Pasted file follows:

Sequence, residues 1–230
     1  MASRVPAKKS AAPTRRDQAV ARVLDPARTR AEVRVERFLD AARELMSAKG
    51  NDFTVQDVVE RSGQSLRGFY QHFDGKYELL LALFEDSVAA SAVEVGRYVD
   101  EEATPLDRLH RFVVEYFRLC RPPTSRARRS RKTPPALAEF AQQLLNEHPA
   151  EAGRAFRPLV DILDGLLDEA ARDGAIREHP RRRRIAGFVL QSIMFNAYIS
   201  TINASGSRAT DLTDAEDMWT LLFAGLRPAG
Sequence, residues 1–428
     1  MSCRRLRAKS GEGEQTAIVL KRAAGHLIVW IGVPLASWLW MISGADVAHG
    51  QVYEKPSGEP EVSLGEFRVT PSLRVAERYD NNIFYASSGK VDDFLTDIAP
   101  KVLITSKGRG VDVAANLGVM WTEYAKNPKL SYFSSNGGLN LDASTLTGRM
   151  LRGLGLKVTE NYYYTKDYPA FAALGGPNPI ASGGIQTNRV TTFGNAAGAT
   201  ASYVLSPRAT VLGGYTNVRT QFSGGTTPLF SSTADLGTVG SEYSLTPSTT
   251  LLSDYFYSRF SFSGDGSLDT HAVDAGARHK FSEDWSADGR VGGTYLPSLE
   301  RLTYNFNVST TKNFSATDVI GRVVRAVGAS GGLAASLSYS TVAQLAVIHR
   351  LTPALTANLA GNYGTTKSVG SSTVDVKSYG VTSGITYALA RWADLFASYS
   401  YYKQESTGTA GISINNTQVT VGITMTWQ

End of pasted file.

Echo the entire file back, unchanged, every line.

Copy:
Sequence, residues 1–230
     1  MASRVPAKKS AAPTRRDQAV ARVLDPARTR AEVRVERFLD AARELMSAKG
    51  NDFTVQDVVE RSGQSLRGFY QHFDGKYELL LALFEDSVAA SAVEVGRYVD
   101  EEATPLDRLH RFVVEYFRLC RPPTSRARRS RKTPPALAEF AQQLLNEHPA
   151  EAGRAFRPLV DILDGLLDEA ARDGAIREHP RRRRIAGFVL QSIMFNAYIS
   201  TINASGSRAT DLTDAEDMWT LLFAGLRPAG
Sequence, residues 1–428
     1  MSCRRLRAKS GEGEQTAIVL KRAAGHLIVW IGVPLASWLW MISGADVAHG
    51  QVYEKPSGEP EVSLGEFRVT PSLRVAERYD NNIFYASSGK VDDFLTDIAP
   101  KVLITSKGRG VDVAANLGVM WTEYAKNPKL SYFSSNGGLN LDASTLTGRM
   151  LRGLGLKVTE NYYYTKDYPA FAALGGPNPI ASGGIQTNRV TTFGNAAGAT
   201  ASYVLSPRAT VLGGYTNVRT QFSGGTTPLF SSTADLGTVG SEYSLTPSTT
   251  LLSDYFYSRF SFSGDGSLDT HAVDAGARHK FSEDWSADGR VGGTYLPSLE
   301  RLTYNFNVST TKNFSATDVI GRVVRAVGAS GGLAASLSYS TVAQLAVIHR
   351  LTPALTANLA GNYGTTKSVG SSTVDVKSYG VTSGITYALA RWADLFASYS
   401  YYKQESTGTA GISINNTQVT VGITMTWQ